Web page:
Philadelphia: Bradford & Inskeep, 1808-1814. Nine volumes. Seventy-six engravings, with excellent hand-coloring. Folio. Contemporary marbled boards, expertly backed to original style in red calf, spine gilt. Some light wear to text leaves. Moderate to heavy foxing and offsetting from plates, as usual with this work, but far better than typical. Very good. Item #WRCAM45273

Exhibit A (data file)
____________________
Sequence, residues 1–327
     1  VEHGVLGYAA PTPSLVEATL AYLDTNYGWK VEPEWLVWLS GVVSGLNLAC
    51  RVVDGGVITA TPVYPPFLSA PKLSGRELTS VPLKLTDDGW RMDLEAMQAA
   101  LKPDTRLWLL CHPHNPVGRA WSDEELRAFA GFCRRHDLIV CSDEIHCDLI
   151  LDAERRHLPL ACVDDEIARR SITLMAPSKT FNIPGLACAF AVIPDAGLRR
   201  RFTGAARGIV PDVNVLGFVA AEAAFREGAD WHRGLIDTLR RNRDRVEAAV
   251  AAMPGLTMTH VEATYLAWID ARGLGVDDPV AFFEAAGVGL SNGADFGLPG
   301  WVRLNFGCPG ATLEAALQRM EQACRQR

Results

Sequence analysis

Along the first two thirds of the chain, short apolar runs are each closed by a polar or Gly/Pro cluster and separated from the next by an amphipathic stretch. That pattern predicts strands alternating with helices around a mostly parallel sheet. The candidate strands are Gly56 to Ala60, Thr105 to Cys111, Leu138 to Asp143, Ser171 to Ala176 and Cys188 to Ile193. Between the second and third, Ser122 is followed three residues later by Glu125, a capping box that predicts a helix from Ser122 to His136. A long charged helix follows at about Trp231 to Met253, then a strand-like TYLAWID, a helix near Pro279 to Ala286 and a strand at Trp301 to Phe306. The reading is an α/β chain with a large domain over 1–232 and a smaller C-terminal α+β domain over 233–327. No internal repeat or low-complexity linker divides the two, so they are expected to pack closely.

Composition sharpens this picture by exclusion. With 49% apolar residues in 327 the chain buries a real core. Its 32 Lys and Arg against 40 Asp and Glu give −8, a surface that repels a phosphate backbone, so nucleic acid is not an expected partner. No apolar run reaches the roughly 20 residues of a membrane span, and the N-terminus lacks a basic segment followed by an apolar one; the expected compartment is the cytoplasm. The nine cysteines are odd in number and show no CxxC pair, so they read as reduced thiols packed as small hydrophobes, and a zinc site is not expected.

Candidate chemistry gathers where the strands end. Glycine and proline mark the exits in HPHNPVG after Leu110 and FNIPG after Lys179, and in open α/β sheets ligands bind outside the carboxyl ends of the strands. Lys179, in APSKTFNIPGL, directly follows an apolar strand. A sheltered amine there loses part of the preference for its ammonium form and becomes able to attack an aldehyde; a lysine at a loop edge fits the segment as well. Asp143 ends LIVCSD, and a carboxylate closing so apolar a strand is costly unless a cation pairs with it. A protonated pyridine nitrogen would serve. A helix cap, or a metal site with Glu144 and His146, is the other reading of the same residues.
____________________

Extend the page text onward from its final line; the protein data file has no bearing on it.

Wilson's work was the most important publication on American ornithology before Audubon and the most elaborate color plate book published in America up to its time. Wilson, a Scot, began work on American birds in 1802 with the encouragement of William Bartram. The feverish pace of his work, which began publication in 1808, weakened his constitution, and he died suddenly in 1813, with the eighth volume in press. His friend, George Ord, completed the work and wrote a memoir in the final volume. Although incomplete in scope because of Wilson's narrow geographical travels and his early death, it was by far the most extensive work about American birds to that time. Likewise, the color plates set a new standard of achievement for those produced in America, even though Wilson's artistry was sometimes crude, and the depictions of birds are stiff and out of scale compared to Audubon. In fact, as a self-taught poet and schoolmaster who came late to such work, he did a remarkable job, although he was fated to be outshone by Audubon. Wilson's first volume appeared in September 1808. The present set is the second issue, with a different imprint than that of the first. The second volume came out in 1810, the third and fourth in 1811, the fifth and sixth in 1812, and the seventh and eighth in 1813. Ord produced the final volume in 1814. Wilson's book is a great pioneering effort in both American bookmaking and science. It remained a standard book even after Audubon, and possibly went through more editions than Audubon's octavo set, staying in print in one form or another until the 1880's. Bennett calls it "the first truly outstanding American color plate book of any type." MEISEL III, p.369. DAB XX, p.317. BENNETT, p.114. SABIN 104597. REESE, STAMPED WITH A NATIONAL CHARACTER 3.